Trucking School Owner Faced 5 Years in Jail for Bribing CDL Examiner, Only Gets Probation

Montgomery, AL – A former owner of an Alabama trucking school was facing five years in prison after he admitted paying bribes to a commercial driver’s license examiner, but is only getting probation.

James Welburn, 72, of Columbus, GA, is the former owner of Lee County, AL-based American Truck Driving Academy.

In February of this year he pleaded guilty to conspiring to commit bribery in relation to federal programs and faced up to five years in prison.


However, United States Attorney Louis Franklin Sr. of Middle District of Alabama informs that Welburn has been sentenced to five years of probation and issued a $250,000 fine.

According to court documents, Welburn paid bribes to Michael K. Jordan, 45, of Ellerslie, GA, a former commercial driver’s license examiner and employee of Columbus, GA, in exchange for showing preferential treatment to students who took CDL driving exams.

Specifically, Welburn paid Jordan $25 per student he tested.


In exchange for these payments, Jordan agreed to do things such as:

1) Test students even though students had not possessed learner’s permits for at least 14 days, as required by federal regulations;

2) Test more than five students in a single day, in violation of state law; and

3) Refrain from testing students on certain trucking maneuvers if the students were unlikely to be able to perform the maneuvers.

Additionally, Jordan agreed to give American Truck Driving Academy students the “benefit of the doubt on all road tests.”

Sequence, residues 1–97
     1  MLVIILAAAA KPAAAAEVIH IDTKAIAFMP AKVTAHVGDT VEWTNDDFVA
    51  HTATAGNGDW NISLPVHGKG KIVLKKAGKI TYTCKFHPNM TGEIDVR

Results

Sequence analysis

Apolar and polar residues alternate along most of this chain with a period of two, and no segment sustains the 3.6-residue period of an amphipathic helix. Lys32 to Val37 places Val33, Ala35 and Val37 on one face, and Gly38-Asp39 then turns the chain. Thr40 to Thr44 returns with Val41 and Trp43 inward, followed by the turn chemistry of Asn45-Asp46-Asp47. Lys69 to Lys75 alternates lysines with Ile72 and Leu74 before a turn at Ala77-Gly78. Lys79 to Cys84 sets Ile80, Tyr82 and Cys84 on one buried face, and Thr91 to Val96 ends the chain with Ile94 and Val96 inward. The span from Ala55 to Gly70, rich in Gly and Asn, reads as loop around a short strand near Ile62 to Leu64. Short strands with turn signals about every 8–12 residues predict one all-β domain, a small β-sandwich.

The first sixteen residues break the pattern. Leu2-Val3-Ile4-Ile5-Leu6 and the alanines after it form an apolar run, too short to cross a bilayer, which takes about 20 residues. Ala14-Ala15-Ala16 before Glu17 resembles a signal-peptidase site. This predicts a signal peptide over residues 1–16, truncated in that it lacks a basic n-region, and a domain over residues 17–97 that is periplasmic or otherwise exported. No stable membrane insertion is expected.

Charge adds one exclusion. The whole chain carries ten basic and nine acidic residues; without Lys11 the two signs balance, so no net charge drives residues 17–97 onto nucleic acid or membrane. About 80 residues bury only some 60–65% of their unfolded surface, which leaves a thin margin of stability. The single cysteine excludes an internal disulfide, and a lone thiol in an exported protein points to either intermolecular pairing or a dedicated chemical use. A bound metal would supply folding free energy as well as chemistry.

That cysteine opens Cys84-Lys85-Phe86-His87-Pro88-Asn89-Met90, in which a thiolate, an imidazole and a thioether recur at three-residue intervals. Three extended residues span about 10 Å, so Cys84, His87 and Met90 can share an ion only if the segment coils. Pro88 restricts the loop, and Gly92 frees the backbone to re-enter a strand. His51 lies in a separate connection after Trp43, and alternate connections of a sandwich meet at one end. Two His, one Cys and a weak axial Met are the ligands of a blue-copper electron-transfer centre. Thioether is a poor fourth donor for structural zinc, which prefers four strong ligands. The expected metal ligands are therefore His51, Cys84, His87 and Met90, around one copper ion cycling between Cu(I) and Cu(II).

Jordan received a three year sentence of probation and a $10,250 fine for his part in the conspiracy.


“This bribery scheme created the risk that unqualified drivers would get behind the wheels of 18-wheelers, thus endangering motorists all over the country,” Franklin Sr. said in a release. “Moreover, this scheme compromised the integrity of the government licensing program. I hope that this case stands as an example that bribery of any form will not be tolerated.”

Welburn was indicted in July of 2019 on conspiracy, bribery, and wire fraud charges before pleading guilty to a lesser charge earlier this year.

It is unclear how many fraudulent CDLs were obtained through this scheme.


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In a related story, a California trucking school owner was sentenced last week to prison and fined $10,000 for his role in a CDL bribery scheme that last four years.

Click HERE to read more about this case.



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